- Doug Noland, Sovereign Market Dislocation and Derivatives Turmoil, July 9, 2016</blockquote>

<blockquote>'Japan has been fighting deflationary headwinds since the bursting of their Bubble more than 25 years ago. It was a major Bubble exacerbated by a loosening of monetary conditions in the U.S. back in the late-eighties coupled with intense pressure from the U.S. to stimulate Japan’s economy to help rectify ballooning U.S. trade deficits. And it’s somewhat ironic that in 2016 Japan’s biggest adversary in its post-Bubble deflation fight is engaged in its own Bubble Battle across the East China Sea.

One could argue that Japan lost all control of its Bubble with the onset of post-1987 crash aggressive monetary accommodation. Chinese control was lost with the massive post-2008 stimulus, and it’s been awhile since I’ve read reference to Chinese officials having learned from the Japanese experience. Indeed, seeds for today’s runaway global finance Bubble were planted in Japan and came to full bloom with China’s historic Credit expansion. And for 25 years, global central bankers have chanted “deflation” as enemy number one. But it’s been Bubbles all along. They remain the dominant risk today, as they’ve been all the way back to the late-eighties.'

- Doug Noland, Bubble Battles, July 30, 2016</blockquote>

<blockquote>'..Standard & Poor’s and fellow rating agencies share keen interest because Turkey and Turkish corporations and financial institutions have over recent years been assertive borrowers in international markets. For the past decade, President Erdogan has championed Turkish economic renaissance, a powerful boom that has been fundamental to his popularity and ascending political power. Unfortunately, it morphed into a Credit-fueled Bubble, with all the associated financial, economic and social consequences. Turkish consumer debt has skyrocketed, fueled by aggressive bank lending. Meanwhile, Turkey’s financial institutions have borrowed aggressively in global inter-bank markets, with much of this debt short-term and denominated in foreign currencies.'

- Doug Noland, Don't Mess with Turkey, July 23, 2016</blockquote>

<blockquote>'As global markets celebrate Japan’s reckless move to further ramp up fiscal and monetary stimulus, it’s important to place things into a little perspective. Japan has been sporadically ramping up stimulus for more than 25 years. Federal government debt to GDP was about 65% back when the Japanese Bubble burst in 1990. Massive fiscal stimulus saw debt to GDP surge to 140% by the end of the nineties. By 2009, ongoing aggressive deficit spending pushed the ratio through 200%. It's now almost reached 250%. Meanwhile, expanding $1.0 TN annually, the Bank of Japan’s (BOJ) balance sheet is rapidly approaching 100% of GDP. BOJ assets hovered between 30% and 40% of GDP in the ten-year period through 2012.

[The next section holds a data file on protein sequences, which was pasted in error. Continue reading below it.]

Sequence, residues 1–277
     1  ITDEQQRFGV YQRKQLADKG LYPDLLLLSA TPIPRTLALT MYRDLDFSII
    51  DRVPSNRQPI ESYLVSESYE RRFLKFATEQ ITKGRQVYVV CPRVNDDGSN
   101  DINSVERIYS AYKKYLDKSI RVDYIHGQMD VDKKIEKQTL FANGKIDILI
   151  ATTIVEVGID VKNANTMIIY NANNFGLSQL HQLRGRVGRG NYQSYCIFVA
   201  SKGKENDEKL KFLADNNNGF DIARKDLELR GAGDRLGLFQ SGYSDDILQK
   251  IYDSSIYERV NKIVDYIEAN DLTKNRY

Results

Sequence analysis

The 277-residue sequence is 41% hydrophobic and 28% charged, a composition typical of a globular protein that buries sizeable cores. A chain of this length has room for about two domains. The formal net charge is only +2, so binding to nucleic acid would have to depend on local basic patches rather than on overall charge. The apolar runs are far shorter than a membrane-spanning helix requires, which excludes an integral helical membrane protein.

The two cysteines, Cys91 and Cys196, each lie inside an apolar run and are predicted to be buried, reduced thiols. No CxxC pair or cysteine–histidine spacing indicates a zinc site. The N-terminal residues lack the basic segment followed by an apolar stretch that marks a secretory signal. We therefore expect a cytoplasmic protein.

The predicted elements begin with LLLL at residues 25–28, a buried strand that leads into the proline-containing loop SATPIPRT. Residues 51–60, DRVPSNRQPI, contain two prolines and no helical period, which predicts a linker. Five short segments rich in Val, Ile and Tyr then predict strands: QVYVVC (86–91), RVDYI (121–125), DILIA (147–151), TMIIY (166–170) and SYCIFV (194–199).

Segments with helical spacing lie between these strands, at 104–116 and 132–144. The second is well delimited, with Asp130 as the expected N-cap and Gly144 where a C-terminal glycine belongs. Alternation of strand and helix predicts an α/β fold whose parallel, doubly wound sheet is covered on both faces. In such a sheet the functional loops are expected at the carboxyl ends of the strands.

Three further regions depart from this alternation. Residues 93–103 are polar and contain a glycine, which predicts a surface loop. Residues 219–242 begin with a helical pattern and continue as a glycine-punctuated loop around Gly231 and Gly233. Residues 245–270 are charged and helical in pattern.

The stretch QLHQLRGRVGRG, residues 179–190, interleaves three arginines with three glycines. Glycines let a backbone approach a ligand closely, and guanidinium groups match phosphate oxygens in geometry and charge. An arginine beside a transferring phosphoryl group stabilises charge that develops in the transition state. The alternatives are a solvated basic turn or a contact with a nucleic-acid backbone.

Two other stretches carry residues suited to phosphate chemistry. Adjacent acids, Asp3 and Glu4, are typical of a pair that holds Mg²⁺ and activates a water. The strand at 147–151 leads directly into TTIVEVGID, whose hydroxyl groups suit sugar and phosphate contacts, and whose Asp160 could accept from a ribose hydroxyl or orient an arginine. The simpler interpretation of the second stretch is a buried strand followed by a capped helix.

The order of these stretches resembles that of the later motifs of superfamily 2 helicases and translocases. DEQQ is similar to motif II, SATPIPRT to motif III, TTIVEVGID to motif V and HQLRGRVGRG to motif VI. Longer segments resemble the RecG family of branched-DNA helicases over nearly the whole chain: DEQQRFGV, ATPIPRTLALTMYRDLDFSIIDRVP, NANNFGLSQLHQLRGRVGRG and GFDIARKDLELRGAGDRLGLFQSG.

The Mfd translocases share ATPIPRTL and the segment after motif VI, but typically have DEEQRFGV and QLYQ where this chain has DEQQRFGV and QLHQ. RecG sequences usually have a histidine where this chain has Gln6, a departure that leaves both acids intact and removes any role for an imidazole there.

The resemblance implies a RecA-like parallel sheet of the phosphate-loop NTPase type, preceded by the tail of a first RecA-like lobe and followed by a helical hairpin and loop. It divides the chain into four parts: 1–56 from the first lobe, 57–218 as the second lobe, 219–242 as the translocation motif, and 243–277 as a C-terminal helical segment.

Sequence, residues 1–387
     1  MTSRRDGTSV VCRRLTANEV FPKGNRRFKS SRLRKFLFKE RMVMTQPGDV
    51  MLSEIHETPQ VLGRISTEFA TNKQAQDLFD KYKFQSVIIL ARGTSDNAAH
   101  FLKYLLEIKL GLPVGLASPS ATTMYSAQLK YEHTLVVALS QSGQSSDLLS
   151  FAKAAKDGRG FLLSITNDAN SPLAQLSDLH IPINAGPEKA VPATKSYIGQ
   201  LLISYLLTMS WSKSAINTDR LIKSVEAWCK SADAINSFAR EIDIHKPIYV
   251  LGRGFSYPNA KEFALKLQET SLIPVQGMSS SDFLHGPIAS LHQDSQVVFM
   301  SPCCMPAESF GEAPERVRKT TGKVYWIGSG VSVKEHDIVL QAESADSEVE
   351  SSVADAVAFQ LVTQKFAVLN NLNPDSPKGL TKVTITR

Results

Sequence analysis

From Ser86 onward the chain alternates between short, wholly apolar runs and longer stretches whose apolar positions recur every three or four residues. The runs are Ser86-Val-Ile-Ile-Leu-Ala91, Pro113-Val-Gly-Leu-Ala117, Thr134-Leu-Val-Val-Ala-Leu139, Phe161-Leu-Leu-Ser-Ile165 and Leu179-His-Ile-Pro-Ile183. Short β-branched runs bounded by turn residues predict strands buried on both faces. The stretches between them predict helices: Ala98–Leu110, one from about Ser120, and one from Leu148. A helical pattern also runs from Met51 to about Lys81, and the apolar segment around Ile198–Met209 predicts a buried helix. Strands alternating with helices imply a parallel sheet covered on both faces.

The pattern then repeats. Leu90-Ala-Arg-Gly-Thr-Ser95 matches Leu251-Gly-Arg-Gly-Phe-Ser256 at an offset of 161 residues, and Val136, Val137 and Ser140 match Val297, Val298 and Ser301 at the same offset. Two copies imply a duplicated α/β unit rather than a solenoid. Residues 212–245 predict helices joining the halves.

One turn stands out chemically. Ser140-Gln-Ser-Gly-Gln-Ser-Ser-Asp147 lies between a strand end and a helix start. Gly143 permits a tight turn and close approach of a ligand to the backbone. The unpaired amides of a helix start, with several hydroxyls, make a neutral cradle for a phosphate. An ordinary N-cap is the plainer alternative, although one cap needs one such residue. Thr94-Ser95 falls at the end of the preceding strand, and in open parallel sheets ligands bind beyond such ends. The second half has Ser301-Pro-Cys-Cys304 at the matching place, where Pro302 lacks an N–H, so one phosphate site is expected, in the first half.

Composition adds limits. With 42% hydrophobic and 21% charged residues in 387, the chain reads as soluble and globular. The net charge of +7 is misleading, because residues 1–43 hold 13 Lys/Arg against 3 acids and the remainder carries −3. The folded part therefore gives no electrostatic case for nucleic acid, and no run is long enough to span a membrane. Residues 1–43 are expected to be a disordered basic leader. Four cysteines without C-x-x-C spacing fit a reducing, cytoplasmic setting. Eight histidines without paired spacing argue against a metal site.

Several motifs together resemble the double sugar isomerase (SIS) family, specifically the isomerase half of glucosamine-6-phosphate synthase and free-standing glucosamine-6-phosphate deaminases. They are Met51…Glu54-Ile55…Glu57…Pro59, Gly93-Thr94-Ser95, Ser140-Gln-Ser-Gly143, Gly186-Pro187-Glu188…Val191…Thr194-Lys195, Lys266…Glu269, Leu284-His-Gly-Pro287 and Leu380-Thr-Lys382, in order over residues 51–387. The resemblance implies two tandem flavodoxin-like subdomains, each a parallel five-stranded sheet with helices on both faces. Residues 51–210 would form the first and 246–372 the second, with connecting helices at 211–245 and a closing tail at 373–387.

Turkey is also today emblematic of the wide chasm that has developed between inflating securities markets and deflating economic prospects. Turkish stocks have been among the top performing markets globally, ending the week with 15.5% y-t-d gains. Running large current account deficits (4.5% of GDP) and having accumulated significant international debt (much denominated in U.S. dollars), Turkey has been on my list of countries at high risk of financial and economic crisis. The country is now on the downside of what was a significant Credit boom, which surely helps explain at least of some of the increasingly problematic social tension and political instability.'

- Doug Noland, Scary Time, Juy 16, 2016</blockquote>


<blockquote>'..they would tear down both central banks brick-by-brick.'

'An oil price drop to below $20 per barrel would be a shock reminiscent of the dotcom collapse..'

(Credit Cycle) - '..Denmark, France, Italy, the Netherlands, and Sweden all facing demands for referendums over Europe..'</blockquote>